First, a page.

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Immigration & Immigration Reform: Myths versus Facts

    Myth: Reform would give 20 million undocumented immigrants legal status, claimed Eric Bolling on Fox News (Your World, 1/29/13).
    Facts: The Pew Research Center shows that there were 11.1 million unauthorized immigrants in the U.S. in 2011, down from the high of 12 million in 2007—the last year of Bush II’s second term (1/29/13), and the number has fallen lower because of the tight job market. Of the entire U.S. population, undocumented immigrants constitute 3.7 percent.

McCrory puts NC workers' safety at risk

Stacking the deck against worker's compensation claims:

This summer, a small note in the General Assembly's final budget bill reclassified the Industrial Commission's 22 deputy commissioners, turning them from career civil servants into at-will employees who will either be reappointed or let go. The lives and careers of these administrative law judges were placed directly into the hands of the commission's chair, a young McCrory appointee named Andrew T. Heath. The first group of deputy commissioners will be let go on Feb. 15, 2015, and have already begun to be replaced by more pro-business-minded Republicans.

"There's an effort being made on a state level to get conservative and pro-business people appointed to commissions and for the commissions to be an advocate for reduction of benefits," says Steve Embry, a veteran workers' comp lawyer and president of the Workplace Injury Law and Advocacy Group.

A safe workplace doesn't just magically appear, there are certain outside influences that drive it. OSHA wields a pretty heavy statutory stick, but the agency simply doesn't have the resources to monitor more than a small percent of workplaces each year. Insurance companies, however, are a totally different overseeing animal. And the more worker's compensation claims your company forces them to pay out, the more involved the insurance company gets in your operation. As such, if a tainted Commission rejects many/most workplace injury claims, nothing will change to reduce those injuries. The system isn't perfect, but with a useless Secretary and Board of Labor, and a mere 3% labor union membership rate, it's all workers have left. Or did have, anyway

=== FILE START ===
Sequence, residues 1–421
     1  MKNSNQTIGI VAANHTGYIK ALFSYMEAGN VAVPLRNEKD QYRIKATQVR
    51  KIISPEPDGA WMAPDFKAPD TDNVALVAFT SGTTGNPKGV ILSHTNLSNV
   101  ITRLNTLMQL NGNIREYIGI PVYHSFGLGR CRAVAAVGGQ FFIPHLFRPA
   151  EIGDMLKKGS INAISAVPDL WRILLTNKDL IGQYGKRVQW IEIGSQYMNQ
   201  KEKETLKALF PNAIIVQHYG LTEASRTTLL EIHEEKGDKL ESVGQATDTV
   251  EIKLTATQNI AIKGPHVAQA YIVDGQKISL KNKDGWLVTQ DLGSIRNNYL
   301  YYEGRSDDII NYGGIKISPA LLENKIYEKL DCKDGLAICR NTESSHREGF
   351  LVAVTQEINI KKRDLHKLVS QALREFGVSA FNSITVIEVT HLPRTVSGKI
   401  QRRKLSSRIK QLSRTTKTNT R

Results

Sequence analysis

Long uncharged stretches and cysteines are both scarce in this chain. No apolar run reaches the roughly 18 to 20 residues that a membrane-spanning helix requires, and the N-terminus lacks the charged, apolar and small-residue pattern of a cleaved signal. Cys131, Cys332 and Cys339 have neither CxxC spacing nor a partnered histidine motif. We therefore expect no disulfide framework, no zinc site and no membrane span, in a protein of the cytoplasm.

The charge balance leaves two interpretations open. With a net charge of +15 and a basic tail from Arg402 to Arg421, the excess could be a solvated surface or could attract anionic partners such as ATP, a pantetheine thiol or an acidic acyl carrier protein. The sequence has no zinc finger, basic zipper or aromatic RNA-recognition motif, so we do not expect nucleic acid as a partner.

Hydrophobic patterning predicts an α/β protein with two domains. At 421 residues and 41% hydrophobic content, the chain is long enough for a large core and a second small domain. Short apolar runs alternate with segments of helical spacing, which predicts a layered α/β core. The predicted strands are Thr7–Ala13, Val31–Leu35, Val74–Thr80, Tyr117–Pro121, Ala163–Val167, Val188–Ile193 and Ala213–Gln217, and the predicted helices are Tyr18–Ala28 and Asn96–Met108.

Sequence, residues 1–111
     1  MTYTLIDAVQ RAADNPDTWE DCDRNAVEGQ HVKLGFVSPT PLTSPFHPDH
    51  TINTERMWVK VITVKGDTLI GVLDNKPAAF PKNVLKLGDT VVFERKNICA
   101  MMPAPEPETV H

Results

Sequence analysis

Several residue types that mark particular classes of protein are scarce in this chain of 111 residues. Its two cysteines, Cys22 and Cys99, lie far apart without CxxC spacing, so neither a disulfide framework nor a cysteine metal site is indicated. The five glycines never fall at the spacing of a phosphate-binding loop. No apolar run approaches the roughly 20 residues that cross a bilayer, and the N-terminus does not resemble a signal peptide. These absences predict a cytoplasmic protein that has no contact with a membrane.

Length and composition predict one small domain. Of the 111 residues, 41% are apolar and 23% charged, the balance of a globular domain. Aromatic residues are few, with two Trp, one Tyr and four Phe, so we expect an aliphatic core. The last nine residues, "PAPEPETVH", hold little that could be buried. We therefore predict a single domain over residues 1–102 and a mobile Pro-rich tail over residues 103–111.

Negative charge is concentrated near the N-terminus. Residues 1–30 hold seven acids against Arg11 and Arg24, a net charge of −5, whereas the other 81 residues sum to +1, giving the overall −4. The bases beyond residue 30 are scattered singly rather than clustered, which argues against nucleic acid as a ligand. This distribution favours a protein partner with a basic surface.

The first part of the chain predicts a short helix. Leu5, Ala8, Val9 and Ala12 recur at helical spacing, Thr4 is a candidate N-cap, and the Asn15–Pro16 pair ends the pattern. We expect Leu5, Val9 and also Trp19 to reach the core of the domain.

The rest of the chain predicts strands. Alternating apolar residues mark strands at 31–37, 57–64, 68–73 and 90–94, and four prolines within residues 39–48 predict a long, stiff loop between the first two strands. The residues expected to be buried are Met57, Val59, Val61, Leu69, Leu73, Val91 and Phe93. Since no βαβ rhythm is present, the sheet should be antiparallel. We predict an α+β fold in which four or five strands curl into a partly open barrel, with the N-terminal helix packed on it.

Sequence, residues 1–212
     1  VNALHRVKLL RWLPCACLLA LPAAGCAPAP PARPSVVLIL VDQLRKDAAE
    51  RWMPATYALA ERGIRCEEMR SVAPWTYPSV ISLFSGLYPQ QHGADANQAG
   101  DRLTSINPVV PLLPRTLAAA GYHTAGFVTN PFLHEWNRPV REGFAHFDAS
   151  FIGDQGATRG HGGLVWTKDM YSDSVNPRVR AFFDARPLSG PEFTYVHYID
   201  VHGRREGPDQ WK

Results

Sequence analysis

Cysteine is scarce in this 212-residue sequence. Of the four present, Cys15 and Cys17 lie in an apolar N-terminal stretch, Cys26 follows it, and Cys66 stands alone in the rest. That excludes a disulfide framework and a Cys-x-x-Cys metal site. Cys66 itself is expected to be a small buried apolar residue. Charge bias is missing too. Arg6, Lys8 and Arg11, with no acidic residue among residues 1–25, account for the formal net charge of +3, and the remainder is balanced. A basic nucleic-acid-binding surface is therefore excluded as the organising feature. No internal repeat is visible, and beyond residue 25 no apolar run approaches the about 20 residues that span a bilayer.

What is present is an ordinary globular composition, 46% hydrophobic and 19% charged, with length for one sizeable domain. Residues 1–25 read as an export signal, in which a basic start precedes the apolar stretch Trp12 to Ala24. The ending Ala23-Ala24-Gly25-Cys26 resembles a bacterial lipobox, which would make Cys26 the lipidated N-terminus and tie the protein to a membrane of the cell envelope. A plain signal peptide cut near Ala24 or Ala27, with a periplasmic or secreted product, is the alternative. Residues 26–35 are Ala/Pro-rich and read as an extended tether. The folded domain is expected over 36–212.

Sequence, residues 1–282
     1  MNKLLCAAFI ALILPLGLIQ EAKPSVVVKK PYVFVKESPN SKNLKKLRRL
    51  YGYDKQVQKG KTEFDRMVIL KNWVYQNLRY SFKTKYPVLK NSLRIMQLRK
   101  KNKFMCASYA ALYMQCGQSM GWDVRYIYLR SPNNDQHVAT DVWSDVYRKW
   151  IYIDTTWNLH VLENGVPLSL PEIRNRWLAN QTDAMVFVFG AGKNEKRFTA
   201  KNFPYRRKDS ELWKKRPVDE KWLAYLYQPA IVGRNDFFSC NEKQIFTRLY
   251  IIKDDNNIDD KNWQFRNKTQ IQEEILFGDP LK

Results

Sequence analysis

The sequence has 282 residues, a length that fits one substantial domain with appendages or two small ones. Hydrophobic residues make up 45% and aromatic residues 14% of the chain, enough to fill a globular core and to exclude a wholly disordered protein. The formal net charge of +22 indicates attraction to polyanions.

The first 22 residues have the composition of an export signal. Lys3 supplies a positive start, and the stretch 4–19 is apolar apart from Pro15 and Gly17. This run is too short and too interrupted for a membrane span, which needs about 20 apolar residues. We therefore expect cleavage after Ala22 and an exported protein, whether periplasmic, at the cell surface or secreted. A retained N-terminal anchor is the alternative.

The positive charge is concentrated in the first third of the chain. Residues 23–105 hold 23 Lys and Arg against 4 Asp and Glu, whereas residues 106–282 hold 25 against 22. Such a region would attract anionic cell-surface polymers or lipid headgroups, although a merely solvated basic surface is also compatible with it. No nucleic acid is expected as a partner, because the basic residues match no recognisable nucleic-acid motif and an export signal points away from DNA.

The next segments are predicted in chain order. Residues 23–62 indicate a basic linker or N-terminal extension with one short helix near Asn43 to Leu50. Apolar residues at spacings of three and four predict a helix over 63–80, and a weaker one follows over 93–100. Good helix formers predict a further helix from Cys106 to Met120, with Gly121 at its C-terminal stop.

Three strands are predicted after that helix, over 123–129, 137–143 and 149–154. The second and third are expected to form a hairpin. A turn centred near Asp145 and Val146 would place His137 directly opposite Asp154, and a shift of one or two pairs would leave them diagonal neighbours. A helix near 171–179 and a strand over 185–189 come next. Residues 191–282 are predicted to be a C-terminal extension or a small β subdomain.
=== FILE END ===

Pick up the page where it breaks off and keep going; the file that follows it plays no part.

Daily Dose: Haters gonna hate

I made the mistake this morning of reading comments on Tim Cook's coming out news in the New York Times. While there were plenty of positive comments, most seemed motivated by a combination of disdain, dismissal, or even hatred. It hurt my soul.

This is the thing that worries me most about North Carolina today: Thom Tillis' divide-and-conquer mindset has gone mainstream. From Amendment One to Medicaid to the gutting of environmental protections, Republican policy seems to start with ridiculing and then demonizing vast sectors of our population. If you are a young woman whose success in life hinges on being able to terminate a pregnancy, you are a murderer. If you are a gay man in a 30 year relationship and want to marry, you are a pervert. If you are a poor person working three jobs with no benefits and no hope, you are a taker. If you are a black man, you are a criminal.

There will always be extremes to contend with in each of these areas. Some people are perverts. Fraud does exist in our welfare system. Some black men are criminals. But most people are not perverts. Most poor people don't try to game the system. And most black men are not criminals. The extremes are, by definition, not the norm. They are a gross and destructive stereotype being perpetuated by conservative Republicans to further the economic agenda of concentrating wealth among the elite. The only other explanation I can think of is even more frightening: they are devoid of empathy and wallowing in hate.

Two-thirds of the General Assembly earn a failing grade on the environment

Two-thirds of the General Assembly Earn a Failing Grade on the Environment
Legislators take the state backwards on environmental initiatives

Raleigh, NC- Today, Environment North Carolina released its 2014 legislative scorecard, and the results don’t bode well for our state’s environment.

“From fast-tracking fracking to failed action on coal ash, legislators showed their true colors this session, and it’s clear that their priority is not protecting North Carolina’s air, water or open spaces,” said Dave Rogers, Field Director with Environment North Carolina.

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